Candles, jackets and press-on nails filled the Pownall Atrium in Van Munching Hall on Wednesday for Terp Marketplace, an annual event where University of Maryland students showcase entrepreneurial talent.

Hosted by the Dingman Center for Entrepreneurship at this university’s business school, Terp Marketplace has highlighted student small business ventures for more than 10 years.

Alex Onufrak, the Venture Programs and Operations coordinator at the Dingman Center, said this was the biggest year for the Marketplace.

“In terms of vendors, we typically have around 35,” Onufrak said. “This semester was incredibly large in comparison … We had 50 ventures register, [and] we had 45 show up.”

Grace Prak, owner of Pneuma Nails and one of the 45 ventures present, brought a collection of nail-related products to the marketplace.

Prak explained that fake nails often don’t come with nail kits equipped with care products. She said Pneuma Nails seeks to provide what stores like CVS can’t.

“When you go to CVS, you have a press on nail kit, but it doesn’t include everything you actually need,” Prak said. “This kit will ensure that your press on nails will last you long, for more than just two weeks.”

The junior management major, who attends the Universities at Shady Grove, started her business over the summer and saw Terp Marketplace as an opportunity to extend her business.

“I actually learned about it from my teacher like two weeks ago, and I was like this is a great opportunity,” Prak said. “I want to expand.”

Onufrak, who graduated from this university with a degree in information science in 2021, said Terp Marketplace began as a collaboration between entrepreneurship classes at the business school in order to give students real world experience.

[Alumni innovations assist UMD sustainability efforts]

Some entrepreneurship classes require that students team up and start a company as part of their curriculum. Terp Marketplace is a good place to put them into action, Onufrak said.

“It’s open to anybody on campus,” Onufrak said. “About half of the attendees this time around were from a class and half of them were not.”

Terp Marketplace is a good test run for those interested in starting a company because of its low stakes and the possibility for students to expand their customer base, he said.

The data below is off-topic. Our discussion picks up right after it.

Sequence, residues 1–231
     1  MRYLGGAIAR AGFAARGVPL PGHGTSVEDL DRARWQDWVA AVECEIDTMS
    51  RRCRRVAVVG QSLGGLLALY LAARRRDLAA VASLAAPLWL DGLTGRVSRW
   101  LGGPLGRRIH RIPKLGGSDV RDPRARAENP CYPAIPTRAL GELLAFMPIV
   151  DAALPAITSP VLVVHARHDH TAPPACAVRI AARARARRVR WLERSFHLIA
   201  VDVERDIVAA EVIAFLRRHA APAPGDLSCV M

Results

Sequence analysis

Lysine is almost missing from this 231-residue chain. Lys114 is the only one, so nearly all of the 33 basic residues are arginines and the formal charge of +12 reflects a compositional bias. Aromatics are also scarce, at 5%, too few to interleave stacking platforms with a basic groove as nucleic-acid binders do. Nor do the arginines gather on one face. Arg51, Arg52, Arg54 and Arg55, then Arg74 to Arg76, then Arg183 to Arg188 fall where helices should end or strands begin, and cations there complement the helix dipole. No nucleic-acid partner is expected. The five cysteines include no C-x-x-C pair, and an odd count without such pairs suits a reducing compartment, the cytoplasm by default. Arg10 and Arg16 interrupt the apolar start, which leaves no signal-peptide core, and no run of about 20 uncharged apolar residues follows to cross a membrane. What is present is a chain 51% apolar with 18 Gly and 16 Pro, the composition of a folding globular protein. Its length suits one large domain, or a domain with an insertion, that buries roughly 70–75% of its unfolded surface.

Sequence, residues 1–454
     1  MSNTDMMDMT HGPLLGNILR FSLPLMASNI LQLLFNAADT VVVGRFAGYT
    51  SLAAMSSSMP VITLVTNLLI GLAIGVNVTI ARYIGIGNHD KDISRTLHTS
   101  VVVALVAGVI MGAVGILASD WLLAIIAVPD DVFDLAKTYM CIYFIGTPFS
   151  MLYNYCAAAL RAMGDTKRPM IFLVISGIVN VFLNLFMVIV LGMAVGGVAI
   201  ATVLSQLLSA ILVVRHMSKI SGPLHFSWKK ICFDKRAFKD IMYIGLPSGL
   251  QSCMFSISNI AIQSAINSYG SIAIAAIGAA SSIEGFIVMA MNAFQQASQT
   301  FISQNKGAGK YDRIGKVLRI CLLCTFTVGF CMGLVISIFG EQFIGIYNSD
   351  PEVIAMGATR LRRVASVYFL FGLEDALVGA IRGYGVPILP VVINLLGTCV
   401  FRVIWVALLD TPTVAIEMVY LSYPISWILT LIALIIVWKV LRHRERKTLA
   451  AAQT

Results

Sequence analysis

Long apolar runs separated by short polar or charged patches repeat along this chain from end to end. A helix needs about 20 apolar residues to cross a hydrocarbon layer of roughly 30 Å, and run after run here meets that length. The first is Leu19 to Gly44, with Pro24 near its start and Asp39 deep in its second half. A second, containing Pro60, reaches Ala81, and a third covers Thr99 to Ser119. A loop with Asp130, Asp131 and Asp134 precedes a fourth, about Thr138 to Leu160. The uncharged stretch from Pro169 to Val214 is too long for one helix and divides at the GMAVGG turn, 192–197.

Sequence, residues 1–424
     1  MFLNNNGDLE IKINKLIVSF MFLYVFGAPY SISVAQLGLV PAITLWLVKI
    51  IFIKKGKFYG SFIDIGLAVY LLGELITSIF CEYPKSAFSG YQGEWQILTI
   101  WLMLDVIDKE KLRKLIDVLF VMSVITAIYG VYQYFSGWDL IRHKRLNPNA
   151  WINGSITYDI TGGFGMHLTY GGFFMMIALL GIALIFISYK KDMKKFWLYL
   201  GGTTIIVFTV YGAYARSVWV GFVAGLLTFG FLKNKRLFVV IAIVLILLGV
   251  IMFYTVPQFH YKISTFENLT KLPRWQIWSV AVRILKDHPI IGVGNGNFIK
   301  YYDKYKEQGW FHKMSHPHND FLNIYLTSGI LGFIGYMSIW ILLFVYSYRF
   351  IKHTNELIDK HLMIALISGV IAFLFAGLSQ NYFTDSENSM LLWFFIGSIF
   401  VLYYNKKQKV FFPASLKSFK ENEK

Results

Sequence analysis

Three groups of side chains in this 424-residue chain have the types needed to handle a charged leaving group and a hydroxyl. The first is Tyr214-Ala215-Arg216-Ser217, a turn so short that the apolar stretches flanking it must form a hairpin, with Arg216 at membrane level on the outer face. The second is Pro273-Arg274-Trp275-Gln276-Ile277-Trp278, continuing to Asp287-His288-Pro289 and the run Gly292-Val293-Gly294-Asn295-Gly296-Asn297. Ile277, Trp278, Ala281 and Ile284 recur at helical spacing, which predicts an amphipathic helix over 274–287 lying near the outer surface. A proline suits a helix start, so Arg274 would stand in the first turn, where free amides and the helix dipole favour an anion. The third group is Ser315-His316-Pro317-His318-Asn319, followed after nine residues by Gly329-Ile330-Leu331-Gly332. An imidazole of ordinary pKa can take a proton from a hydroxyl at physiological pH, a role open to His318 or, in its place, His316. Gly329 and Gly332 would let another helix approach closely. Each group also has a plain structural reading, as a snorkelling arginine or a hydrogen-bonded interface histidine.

Another Terp Marketplace attendee, Jeff Kyei, showcased his secondhand clothing store called Streetlove. Streetlove specializes in streetwear and offers hoodies, jeans, vintage shirts and more.

Kyei started his business by selling shirts online. After selling dozens, the junior finance information systems major realized he had something “special” and expanded his business in April 2022.

Streetlove has since amassed more than 3,000 followers on Instagram and Kyei has hosted collaborations with students at other universities.

“It really just started from an idea in my head…and then it built from there,” Kyei said.

For Courtney Johnson, owning a small business is a way to turn his passion into profit.

Johnson showcased NotUrAverage Candles — his business born during the COVID-19 pandemic — at the Terp Marketplace. Johnson and his team offer customers a variety of coconut wax candles, all based off of a scientific concepts such as planets, stars and galaxies.

Johnson, who recently graduated with a doctorate in bioengineering and biomedical engineering, said he appreciates the entrepreneurial spirit seen around campus.

“I’ve never seen this level of passion towards starting businesses,” Johnson said. “The Dingman Center has been a tremendous help to starting up and supporting a lot of the student businesses.”

[UMD researchers creating video-calling platform for inclusive workplace communication]

Several students selling goods echoed the same sense of appreciation for this university’s business school community.

Kyei said he feels a great sense of community in the second-hand clothing market on campus.

“I know a bunch of other people selling fire clothes, UMD Vintage, Retro Collegiate, Bad Summer Vintage,” Kyei said. “I appreciate the community. I feel like we all support each other.”

And for Jade Miles, a junior mathematics major and owner of handmade crochet store jolivi, the community encompasses more than only business majors, she said.

“I’ve had the opportunity to meet other amazing artists, creators and small business owners,” Miles said. “I really love that going to these events, it’s honestly a great community.”